U.S. proposes charging compounding pharmacies for oversight
BOSTON (Reuters) - The head of the U.S. Food and Drug Administration has proposed charging compounding pharmacies fees to pay for the oversight needed to prevent a recurrence of the meningitis outbreak that killed 50 people and sickened hundreds more.
FDA Commissioner Margaret Hamburg said in an official blog post on Friday that serious problems continue to take place at compounding pharmacies and she is hopeful that the Senate committee with jurisdiction over the issue "will yield strong legislation for patients across the nation."
The post can be found at: here
Hamburg said a possible mechanism for funding the additional oversight could include registration or other fees of the kind Congress has authorized in other instances. Pharmaceutical companies, for example, pay fees to help fund the FDA's drug review process.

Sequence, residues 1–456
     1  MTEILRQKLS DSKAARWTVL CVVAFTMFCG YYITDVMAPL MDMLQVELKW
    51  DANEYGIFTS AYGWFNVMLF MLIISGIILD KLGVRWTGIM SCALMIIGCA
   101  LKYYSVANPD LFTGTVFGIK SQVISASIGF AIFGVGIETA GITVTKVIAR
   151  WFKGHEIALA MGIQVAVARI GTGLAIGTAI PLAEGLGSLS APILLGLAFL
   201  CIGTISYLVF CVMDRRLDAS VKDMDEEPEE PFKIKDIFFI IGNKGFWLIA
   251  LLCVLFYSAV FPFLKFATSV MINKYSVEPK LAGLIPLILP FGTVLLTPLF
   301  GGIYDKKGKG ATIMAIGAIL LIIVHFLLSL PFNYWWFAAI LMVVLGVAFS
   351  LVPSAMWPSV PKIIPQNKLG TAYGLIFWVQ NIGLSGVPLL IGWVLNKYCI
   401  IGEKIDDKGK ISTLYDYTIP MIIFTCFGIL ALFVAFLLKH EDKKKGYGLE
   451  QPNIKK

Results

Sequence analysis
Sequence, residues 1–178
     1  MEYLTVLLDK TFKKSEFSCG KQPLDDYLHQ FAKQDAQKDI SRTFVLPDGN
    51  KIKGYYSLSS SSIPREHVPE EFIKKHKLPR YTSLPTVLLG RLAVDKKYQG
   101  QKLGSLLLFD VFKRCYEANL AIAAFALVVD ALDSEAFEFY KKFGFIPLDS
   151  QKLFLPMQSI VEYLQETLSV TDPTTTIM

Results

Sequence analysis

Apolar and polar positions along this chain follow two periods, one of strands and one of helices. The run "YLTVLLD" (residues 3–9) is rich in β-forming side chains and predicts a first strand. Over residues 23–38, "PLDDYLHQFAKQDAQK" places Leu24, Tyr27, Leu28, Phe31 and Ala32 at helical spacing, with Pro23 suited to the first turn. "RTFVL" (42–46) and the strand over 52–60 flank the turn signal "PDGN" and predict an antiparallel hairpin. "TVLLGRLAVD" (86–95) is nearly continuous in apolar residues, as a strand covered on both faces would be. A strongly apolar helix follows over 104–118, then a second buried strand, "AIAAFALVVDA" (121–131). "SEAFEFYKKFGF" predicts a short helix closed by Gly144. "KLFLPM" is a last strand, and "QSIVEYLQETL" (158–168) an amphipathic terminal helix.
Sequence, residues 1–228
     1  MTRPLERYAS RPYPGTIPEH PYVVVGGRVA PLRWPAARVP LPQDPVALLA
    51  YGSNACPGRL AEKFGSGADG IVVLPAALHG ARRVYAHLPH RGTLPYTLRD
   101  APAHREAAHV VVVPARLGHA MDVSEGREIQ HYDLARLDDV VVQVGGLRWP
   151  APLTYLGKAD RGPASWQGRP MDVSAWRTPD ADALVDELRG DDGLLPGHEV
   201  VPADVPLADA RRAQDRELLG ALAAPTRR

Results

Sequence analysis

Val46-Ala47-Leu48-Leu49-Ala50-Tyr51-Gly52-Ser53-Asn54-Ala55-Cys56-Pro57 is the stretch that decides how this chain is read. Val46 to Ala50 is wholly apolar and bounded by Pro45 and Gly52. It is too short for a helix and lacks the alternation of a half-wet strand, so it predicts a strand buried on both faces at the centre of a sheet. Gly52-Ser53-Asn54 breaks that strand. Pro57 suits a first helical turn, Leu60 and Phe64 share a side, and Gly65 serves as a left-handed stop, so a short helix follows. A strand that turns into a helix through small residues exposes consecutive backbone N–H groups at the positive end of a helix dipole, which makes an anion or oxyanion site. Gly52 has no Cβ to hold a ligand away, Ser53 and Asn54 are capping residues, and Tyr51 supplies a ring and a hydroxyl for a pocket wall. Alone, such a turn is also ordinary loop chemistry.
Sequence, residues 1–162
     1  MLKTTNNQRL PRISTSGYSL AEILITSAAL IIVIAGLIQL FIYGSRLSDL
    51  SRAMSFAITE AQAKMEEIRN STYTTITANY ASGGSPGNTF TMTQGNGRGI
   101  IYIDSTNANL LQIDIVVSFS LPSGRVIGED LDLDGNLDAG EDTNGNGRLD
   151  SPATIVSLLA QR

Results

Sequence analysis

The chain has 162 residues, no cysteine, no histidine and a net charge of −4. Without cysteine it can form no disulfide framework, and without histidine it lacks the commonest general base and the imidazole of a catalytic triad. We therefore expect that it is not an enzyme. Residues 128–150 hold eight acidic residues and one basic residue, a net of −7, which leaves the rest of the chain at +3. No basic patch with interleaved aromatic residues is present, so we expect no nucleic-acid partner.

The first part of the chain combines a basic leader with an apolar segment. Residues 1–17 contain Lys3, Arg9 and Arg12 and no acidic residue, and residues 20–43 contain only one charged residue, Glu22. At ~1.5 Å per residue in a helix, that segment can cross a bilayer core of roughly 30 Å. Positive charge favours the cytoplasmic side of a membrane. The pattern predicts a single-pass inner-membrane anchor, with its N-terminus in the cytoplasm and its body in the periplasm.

Hamburg would like to explore more ideas with Congress, including requiring compounded drugs to have clear labels identifying the nature and source of the product.
The meningitis outbreak was linked to a tainted steroid shipped last year by the New England Compounding Center (NECC), which filed for bankruptcy protection in December after U.S. authorities shut down its pharmacy operations in Framingham, Massachusetts.
Since the NECC case came to light, the FDA has insisted that its authority over specialty pharmacies is too limited.
"Even during this time of heightened awareness, our inspectors are being delayed in their work or denied full access to records at some of the facilities we are inspecting," Hamburg said.
She added that serious problems at compounding pharmacies continue to occur. This week, there had been two recalls of sterile compounded and repackaged drug products.
In one, the presence of floating particles later identified to be a fungus were reported in five bags of magnesium sulfate intravenous solution, resulting in a nationwide recall. In the other, all sterile drug products from a second pharmacy were recalled after reports that five patients suffered serious eye infections associated with a repackaged product.